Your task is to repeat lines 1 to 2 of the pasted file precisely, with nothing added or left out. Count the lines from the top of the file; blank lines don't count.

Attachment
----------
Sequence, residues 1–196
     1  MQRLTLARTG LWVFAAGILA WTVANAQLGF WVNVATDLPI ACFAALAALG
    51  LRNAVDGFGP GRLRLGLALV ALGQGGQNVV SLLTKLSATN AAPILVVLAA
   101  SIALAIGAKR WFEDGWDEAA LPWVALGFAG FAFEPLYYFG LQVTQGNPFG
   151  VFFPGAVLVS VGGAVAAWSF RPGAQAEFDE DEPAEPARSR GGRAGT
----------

Sequence, residues 1–196
     1  MQRLTLARTG LWVFAAGILA WTVANAQLGF WVNVATDLPI ACFAALAALG